This line of reasoning, however, is based on a politically risky over reliance on offensive MCM and overconfidence in its totality. Dr. Scott Truver, Director of National Security Programs at Gryphon Technologies and a collaborator in the interagency task force which drafted the President’s National Strategy for Maritime Security (2005), provides three reasons that reliance on offensive MCM is not sufficient: diplomatic restraint fearful of escalating crisis; adequate time for mining to occur before strike assets could arrive on the scene; and challenges to identifying whether a vessel was carrying mines or not.
While the U.S. might enjoy superior strike capabilities, it cannot assure operational access or sea control alone. The Democratic People’s Republic of Korea (DPRK) mine laying operations at Wonsan during the Korean War exemplify shortcomings of offensive MCM. Despite intelligence and evidence of DPRK mining, offensive MCM could not prevent the enemy’s deployment of 3,000 mines, denying the U.S. led United Nations Command (UNC) sea control and the ability to project power ashore. Rear Admiral Allan E. Smith, Commander, Amphibious Task Force reported: “We have lost control of the seas to a nation without a navy, using pre-World War I weapons, laid by vessels that were utilized at the time of the birth of Christ.”
Similarly, forty years later, “[T]he U.S. Navy lost command of the northern Arabian Gulf to more than 1,300 mines that had been sown by Iraqi forces virtually under the ‘noses’ of multinational coalition naval forces constrained by their rules of engagement.”26Although the chain of command knew that Iraq was laying mines, it restrained U.S. Naval Forces from tracking and attacking minelayers “for fear of starting the war early.”27 DPRK and Iraqi minelaying, despite U.S. air superiority supported by adequate intelligence, demonstrated that “for all its value, air superiority cannot replace one’s control of the surface and subsurface,”28 and that offensive MCM cannot replace defensive MCM. Similarly, prematurely accepting risk to surface combatants by assuming low mine presence due to an overconfidence based on offensive MCM ignores the fact that even limited mining has damaged or sunk four times more U.S. Navy ships (post-WWII) than all other means of attack at sea.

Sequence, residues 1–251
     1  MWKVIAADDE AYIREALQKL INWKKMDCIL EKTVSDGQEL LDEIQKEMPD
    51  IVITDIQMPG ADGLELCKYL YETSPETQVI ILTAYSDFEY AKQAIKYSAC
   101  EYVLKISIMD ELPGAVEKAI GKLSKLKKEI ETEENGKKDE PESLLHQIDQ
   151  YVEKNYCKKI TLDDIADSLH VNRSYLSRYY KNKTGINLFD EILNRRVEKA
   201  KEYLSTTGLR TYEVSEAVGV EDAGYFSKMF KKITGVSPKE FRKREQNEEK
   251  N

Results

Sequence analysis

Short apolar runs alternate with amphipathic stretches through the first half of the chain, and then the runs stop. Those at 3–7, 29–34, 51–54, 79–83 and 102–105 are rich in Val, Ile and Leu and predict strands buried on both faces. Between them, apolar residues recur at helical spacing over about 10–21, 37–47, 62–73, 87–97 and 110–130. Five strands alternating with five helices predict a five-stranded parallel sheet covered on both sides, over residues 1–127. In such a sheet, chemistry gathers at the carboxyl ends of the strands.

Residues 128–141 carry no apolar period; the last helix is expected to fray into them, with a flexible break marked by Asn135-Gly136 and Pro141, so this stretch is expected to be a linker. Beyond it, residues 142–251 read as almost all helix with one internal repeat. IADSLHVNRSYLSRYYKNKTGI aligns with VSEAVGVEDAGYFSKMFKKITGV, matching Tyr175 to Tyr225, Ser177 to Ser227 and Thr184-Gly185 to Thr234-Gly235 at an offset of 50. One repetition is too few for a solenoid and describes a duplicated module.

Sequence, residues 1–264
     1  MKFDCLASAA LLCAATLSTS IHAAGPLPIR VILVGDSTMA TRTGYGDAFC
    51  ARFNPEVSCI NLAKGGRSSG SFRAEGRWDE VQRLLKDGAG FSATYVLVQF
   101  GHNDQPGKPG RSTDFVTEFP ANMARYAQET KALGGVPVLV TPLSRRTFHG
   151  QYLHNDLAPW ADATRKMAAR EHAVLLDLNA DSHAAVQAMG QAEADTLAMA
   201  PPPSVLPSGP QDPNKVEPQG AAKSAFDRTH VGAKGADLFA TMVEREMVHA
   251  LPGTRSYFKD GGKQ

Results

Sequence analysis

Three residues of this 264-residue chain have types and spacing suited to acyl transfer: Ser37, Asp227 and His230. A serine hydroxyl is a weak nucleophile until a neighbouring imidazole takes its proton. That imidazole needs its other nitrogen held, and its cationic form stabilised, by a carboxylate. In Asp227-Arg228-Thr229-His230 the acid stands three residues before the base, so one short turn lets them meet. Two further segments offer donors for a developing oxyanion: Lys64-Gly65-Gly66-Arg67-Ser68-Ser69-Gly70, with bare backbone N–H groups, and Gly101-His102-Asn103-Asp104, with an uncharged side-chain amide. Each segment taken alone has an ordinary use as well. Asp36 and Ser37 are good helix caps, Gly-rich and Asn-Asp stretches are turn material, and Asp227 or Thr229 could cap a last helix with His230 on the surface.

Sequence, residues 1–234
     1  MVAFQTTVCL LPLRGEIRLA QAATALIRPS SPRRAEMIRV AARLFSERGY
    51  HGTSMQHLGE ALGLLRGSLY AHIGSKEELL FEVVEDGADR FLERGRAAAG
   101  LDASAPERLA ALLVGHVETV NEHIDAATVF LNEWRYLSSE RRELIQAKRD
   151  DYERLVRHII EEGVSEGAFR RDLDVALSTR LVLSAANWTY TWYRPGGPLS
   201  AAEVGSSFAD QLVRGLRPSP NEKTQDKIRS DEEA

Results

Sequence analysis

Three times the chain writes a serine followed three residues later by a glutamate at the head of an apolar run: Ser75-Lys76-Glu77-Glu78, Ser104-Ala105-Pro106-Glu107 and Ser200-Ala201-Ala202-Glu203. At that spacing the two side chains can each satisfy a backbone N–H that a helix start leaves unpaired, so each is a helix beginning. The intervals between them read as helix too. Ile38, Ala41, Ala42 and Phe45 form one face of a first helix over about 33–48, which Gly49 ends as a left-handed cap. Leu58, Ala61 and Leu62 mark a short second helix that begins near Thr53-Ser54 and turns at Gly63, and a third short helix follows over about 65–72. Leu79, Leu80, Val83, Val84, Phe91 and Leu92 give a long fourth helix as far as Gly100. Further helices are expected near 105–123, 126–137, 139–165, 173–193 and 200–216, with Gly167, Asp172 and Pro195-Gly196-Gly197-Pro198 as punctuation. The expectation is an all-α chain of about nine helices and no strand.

Attacking enemy A2AD defenses in depth is a fundamental precept of operational access.30 Taking this approach against naval mine warfare networks is imperative, but should not rely too heavily on offensive MCM to prevent effective adversarial minelaying. MCM forces must be able to attack the mine threat throughout the battlespace, not just from the perimeter. To do so, a less vulnerable MCM force is needed. Leveraging stealth capabilities would increase the survivability of allied MCM effort through a less vulnerable capability and platform.
The surface MCM force is currently operating at historically low capacity, making the survivability of MCM capabilities as critical as ever. On December 7, 1941 the U.S. Navy’s 135 mine warfare ships represented 17 percent of its total fleet at the outset of WWII.31 The mine warfare force peaked at 614 ships by the end of WWII, and steadily remained at 8-10 percent of the fleet until 1970.32 Between 1970 and 1974 the surface MCM force declined from 64 to 9 ships in response to: Chief of Naval Operations (CNO) Admiral Zumwalt’s policy decision to increase the size of the airborne MCM force; Department of Defense (DoD) cancellation of future shipbuilding programs; routine ship decommissions and transfers to the reserves; and MCM ship sales to allied navies.